Saint John the Evangelist (Lockport, IL)

Wednesday, March 23, 2005

2003 General Convention Resolution Re: Terri Schiavo

The following resolution was passed at the 2003 General Convention. Note that they actually did something significant besides electing Bishop Robinson...John

Resolution I.14

Euthanasia

In the light of current debate and proposals for the legalisation of euthanasia in several countries, this Conference:
  1. affirms that life is God-given and has intrinsic sanctity, significance and worth;
  2. defines euthanasia as the act by which one person intentionally causes or assists in causing the death of another who is terminally or seriously ill in order to end the other's pain and suffering;
  3. resolves that euthanasia, as precisely defined, is neither compatible with the Christian faith nor should be permitted in civil legislation;
  4. distinguishes between euthanasia and withholding, withdrawing, declining or terminating excessive medical treatment and intervention, all of which may be consonant with Christian faith in enabling a person to die with dignity. When a person is in a permanent vegetative state, to sustain him or her with artificial nutrition and hydration may be seen as constituting medical intervention; and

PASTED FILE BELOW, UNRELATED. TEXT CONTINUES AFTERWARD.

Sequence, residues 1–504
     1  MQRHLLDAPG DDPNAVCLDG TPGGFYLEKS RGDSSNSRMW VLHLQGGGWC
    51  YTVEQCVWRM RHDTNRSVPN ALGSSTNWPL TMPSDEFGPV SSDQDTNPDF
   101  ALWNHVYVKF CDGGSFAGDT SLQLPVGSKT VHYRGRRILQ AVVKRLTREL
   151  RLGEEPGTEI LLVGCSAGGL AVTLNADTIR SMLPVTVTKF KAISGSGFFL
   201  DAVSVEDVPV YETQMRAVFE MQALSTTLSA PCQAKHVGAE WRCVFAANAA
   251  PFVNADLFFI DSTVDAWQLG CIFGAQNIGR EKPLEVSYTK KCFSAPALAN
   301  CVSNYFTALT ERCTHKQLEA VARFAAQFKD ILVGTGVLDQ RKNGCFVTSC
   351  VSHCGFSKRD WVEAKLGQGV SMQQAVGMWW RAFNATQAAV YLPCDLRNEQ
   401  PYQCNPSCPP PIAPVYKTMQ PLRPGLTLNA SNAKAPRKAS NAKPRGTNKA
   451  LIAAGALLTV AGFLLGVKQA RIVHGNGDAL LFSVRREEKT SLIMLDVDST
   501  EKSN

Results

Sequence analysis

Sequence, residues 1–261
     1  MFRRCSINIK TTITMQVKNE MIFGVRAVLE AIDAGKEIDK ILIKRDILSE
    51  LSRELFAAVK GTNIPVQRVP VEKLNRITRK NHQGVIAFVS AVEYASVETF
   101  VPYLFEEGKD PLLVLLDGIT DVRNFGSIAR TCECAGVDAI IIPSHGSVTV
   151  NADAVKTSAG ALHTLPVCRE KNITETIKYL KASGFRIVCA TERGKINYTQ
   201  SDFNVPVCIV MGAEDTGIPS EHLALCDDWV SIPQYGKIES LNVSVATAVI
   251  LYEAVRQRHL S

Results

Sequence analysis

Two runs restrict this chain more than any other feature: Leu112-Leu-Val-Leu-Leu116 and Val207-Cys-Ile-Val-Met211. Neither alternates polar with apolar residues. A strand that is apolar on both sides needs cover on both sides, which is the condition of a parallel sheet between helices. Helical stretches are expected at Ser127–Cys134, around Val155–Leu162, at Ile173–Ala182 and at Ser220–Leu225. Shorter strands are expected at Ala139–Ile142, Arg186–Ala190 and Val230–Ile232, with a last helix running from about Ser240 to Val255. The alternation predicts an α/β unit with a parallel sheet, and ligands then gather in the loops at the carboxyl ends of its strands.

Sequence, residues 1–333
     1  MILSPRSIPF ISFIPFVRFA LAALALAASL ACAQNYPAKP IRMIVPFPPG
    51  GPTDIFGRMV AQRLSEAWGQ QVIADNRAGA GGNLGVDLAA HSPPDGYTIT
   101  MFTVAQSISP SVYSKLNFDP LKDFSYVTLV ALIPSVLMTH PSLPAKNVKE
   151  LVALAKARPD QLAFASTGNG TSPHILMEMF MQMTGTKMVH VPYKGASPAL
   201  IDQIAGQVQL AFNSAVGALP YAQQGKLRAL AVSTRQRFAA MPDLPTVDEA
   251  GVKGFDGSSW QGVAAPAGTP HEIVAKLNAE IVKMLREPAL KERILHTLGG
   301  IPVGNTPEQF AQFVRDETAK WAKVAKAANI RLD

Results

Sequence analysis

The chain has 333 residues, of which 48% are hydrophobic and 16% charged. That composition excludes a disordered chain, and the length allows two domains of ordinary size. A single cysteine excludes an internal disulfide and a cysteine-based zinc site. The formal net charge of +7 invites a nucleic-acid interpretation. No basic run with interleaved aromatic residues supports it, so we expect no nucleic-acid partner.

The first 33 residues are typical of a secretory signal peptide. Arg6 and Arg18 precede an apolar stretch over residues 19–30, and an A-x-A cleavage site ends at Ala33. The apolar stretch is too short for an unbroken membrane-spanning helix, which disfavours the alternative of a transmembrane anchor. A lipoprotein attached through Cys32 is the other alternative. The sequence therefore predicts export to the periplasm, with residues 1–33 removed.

5. commends the Section Report on euthanasia as a suitable introduction for study of
  6. such matters in all Provinces of the Communion.

2 Comments:

At 9:27 PM, Blogger Mark said...

John,
I cleaned up the formatting a little, I hope you don't mind.

What I don't understand from this is exactly how that document might come down in the case of Ms Schiavo. In that her wishes have not exactly been made clear (no living will) and the testimony consisting now merely of "he said that she said" testimony from the "husband".

Mr Schiavo, although legally still her husband, in most states would be considered to have a 2nd common law wife, having lived with the 2nd woman for more than a few years and fathered two children by her. At that point, should her parents or he be considered guardian?

 
At 3:28 PM, Blogger John Larson said...

Thanks for making it look better. I still don't know what I'm doing with this Blog stuff.

I'm not a lawyer so I don't have a legal basis to say who should be her guardian. The courts who do have recognized Mr. Schiavo consistently so that must be legally correct. I suspect that you are looking for an ethical position so here is what I think:
I believe that her body is being kept functioning by purely artifical means. She is essencially brain dead, at least that seems to be what the medical opinion is. In this case the withdrawal of artificial means of maintaining body function is ethically justified in order to allow her to complete the process of dying.

I lament the fact that this has become such a circus; however, it has forced the public to address some important issues about dying and this is a good thing. Hopefully we will not have to see a repeat of this.

 

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